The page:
John Smith. b c1779. m Frances Harding, 1814, Southampton, Hants. d 1834, Fawley, Hants.

  • John Smith. b 1816, Fawley, Hants. d 1882, Fawley, Hants. Unmarried.
  • Henry Smith. b 1818, Fawley, Hants. m Sarah Willis, 1835, Fawley, Hants. d 1902, Fawley, Hants.
    • George Smith. b 1835, Fawley, Hants. Vanishes from the record.
    • William Smith. b 1836, Fawley, Hants. m Mary Callen, 1873, Fawley, Hants.
      • Frederick Smith. b 1874, Fawley, Hants. m Florence Farman, 1907, Smallburgh, Norfolk.
        • William Robert Frederick Smith. b 1908, Fawley, Hants. Unable to trace further.
    • Thomas William Smith. b 1844, Fawley, Hants. m Sarah Eliza Croutear, 1868, South Baddesley, Hants. d 1914, Fawley, Hants.
      • Edward Smith. b 1873, Exbury, Hants. d 1959. Unmarried.
      • George Smith. b 1875, Exbury, Hants. m Edith Vane, 1899, North Stoneham, Hants. d 1952, Fawley, Hants.
        • George Archibald Smith. b 1901, Canford, Dorset. m Kathleen Helena Richardson, 1927, Leeds, Yorks. d 1973, Bowral, NSW, Australia. No children.
        • Lionel Vane Smith. b 1903, Kinson, Dorset. m Gwendoline Mary Moody, 1934, West End, Hants. d 1980, Fawley, Hants. One son and one grandson.
        • Albert Edward Smith. b 1905, Bealieu, Hants. m Kate Alice Hogben, 1926, East Ashford, Kent. d 1983, Fawley, Hants. One son.
      • Charles Smith. b 1877, Exbury, Hants. m Edith Mary Tickner, 1907, Weybridge, Surrey. Seems only to have one (or two?) daughters, but no sons.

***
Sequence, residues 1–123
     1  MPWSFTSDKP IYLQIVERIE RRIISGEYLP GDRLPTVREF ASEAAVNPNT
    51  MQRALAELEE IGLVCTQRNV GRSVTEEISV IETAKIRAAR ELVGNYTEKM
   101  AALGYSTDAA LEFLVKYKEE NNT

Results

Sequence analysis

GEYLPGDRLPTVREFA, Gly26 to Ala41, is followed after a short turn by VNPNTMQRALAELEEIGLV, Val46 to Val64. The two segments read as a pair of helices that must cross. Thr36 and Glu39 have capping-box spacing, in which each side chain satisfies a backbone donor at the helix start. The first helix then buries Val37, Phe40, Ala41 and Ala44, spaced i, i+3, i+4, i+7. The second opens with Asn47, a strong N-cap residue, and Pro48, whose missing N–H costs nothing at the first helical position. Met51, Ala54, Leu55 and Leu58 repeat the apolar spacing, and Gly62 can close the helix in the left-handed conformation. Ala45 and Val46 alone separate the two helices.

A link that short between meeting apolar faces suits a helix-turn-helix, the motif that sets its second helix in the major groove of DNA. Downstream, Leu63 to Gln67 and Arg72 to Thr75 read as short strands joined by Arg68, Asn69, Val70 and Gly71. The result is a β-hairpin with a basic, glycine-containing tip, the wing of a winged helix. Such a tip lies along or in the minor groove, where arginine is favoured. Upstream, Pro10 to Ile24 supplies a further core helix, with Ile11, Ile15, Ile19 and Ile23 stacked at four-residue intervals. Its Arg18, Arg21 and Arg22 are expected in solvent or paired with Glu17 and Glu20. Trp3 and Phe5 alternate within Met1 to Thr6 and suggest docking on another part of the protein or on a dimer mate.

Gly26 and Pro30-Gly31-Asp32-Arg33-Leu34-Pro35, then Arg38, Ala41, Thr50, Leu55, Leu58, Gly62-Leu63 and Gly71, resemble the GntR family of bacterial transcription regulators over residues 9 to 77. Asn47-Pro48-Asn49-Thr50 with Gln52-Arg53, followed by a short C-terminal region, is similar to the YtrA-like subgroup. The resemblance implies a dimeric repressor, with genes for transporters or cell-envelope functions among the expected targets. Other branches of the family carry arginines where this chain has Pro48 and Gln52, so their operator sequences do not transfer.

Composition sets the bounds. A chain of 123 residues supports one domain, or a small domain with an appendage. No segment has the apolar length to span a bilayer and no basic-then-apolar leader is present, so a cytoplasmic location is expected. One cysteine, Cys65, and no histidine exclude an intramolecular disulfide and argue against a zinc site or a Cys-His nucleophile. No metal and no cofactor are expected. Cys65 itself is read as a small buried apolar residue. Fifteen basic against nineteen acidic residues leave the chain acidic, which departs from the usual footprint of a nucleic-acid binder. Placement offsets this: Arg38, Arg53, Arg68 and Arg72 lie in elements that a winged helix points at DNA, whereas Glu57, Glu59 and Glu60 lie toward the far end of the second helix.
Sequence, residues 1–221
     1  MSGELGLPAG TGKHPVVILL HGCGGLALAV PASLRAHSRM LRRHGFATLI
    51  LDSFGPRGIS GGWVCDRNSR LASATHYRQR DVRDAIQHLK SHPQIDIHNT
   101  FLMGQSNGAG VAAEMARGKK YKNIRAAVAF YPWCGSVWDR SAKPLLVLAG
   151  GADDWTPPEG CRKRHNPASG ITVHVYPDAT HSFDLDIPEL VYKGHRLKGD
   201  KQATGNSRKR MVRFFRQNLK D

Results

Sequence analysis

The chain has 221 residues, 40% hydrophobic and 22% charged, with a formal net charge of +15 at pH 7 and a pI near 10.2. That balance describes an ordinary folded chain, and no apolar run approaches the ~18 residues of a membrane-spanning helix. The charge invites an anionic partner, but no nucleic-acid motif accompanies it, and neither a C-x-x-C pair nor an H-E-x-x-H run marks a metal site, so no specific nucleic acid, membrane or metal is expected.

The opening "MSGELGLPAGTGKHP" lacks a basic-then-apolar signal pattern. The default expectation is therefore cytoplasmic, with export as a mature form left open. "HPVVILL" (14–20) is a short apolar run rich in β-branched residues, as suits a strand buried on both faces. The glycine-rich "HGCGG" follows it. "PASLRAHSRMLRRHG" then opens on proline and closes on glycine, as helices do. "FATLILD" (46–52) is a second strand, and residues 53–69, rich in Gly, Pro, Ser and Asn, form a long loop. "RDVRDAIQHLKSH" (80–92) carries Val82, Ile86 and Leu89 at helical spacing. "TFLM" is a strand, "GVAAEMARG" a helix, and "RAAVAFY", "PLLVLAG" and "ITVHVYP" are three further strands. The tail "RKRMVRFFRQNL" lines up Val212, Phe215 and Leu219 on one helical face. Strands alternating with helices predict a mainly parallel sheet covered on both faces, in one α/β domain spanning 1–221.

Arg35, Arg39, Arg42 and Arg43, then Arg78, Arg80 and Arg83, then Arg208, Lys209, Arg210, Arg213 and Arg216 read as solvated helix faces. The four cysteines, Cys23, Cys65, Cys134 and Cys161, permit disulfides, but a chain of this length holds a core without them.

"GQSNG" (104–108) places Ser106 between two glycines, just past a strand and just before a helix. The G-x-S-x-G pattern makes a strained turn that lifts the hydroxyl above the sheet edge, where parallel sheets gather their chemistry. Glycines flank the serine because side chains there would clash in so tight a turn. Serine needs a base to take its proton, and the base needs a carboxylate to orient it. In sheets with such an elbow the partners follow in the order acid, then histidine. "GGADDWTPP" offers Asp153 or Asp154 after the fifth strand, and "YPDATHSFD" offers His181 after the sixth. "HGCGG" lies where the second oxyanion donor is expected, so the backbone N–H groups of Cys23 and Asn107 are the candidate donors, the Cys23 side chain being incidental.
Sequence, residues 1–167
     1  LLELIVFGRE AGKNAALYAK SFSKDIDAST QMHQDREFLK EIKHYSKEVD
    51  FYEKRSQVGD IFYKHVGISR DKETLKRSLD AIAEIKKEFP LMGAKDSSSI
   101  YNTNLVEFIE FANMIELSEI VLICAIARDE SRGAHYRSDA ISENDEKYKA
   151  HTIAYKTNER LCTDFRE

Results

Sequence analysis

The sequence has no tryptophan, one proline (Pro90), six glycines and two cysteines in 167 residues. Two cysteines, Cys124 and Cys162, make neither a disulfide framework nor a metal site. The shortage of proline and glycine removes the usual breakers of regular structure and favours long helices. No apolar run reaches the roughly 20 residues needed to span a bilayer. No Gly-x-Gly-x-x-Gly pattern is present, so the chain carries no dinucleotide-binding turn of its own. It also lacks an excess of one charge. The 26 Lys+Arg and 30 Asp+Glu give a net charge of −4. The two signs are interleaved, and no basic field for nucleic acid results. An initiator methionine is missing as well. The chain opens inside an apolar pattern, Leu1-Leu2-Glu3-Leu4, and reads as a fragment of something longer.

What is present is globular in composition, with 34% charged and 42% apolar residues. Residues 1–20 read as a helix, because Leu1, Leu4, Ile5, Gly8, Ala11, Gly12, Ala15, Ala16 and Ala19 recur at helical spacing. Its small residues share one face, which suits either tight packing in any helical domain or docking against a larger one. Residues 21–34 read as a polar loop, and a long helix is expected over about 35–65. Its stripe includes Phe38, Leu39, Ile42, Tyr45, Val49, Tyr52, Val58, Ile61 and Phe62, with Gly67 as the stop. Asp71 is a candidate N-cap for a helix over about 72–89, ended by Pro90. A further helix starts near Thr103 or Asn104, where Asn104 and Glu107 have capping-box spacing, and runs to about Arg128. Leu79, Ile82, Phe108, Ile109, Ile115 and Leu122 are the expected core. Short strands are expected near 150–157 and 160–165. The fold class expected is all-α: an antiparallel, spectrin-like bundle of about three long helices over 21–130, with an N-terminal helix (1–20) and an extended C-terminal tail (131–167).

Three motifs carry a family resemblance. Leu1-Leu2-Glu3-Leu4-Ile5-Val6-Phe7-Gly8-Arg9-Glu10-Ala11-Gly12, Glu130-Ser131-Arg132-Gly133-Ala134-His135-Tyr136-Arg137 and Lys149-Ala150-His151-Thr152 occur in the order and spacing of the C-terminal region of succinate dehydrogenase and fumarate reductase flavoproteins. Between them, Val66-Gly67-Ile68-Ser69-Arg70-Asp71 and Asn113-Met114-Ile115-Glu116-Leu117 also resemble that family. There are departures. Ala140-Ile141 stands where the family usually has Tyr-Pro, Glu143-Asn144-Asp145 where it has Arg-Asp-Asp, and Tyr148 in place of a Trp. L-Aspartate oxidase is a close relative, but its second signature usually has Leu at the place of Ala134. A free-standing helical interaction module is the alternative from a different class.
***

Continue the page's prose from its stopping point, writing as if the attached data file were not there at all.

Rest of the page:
• John Smith. b 1877, Fawley, Hant. m Julia Mabel Trevett, 1909, Piddletown, Dorset. d 1966, Weymouth, Dorset. Only one daughter.
    • Alfred Henry Smith. b 1847, Fawley, Hants. m (1) unknown. m (2) Susannah Smith formerly Brett, 1883, Salford, Lancs. d 1892, Salford, Lancs.
      • William J Smith. b 1880, Salford, Lancs. Possibly a step-son of Alfred, by Susannah's first husband whose surname was also Smith. Too many similarly named people to trace reliably.
    • Edward Smith. b 1848, Fawley, Hants. Vanishes from the record.
    • James Smith. b 1852, Fawley, Hants. A gamekeeper in Kinson, Dorset in 1871, then vanishes from the record.
    • Frank Smith. b 1860, Fawley, Hants. m Mary Rose Whitehorn, 1879, Fawley, Hants.
      • Thomas Smith. b 1878, Southampton, Hants. Too many similarly named people to trace reliably.
      • Alfred Robert Smith. b 1884, Fawley, Hants. m Edith, 1910.
        • N Smith. b 1911, Donhead, Wilts. (Presumably either Wilfred Alexander C Smith or Oscar B Smith.) Have been unable to trace any further.
  • George Smith. b 1821, Fawley, Hants. m Sarah, c1845. Living in Northwood, Isle of Wight in 1851, then vanishes from the record.
    • Henry Smith. b 1848, Lymington, Hants. Living in Northwood, Isle of Wight in 1851, then vanishes from the record.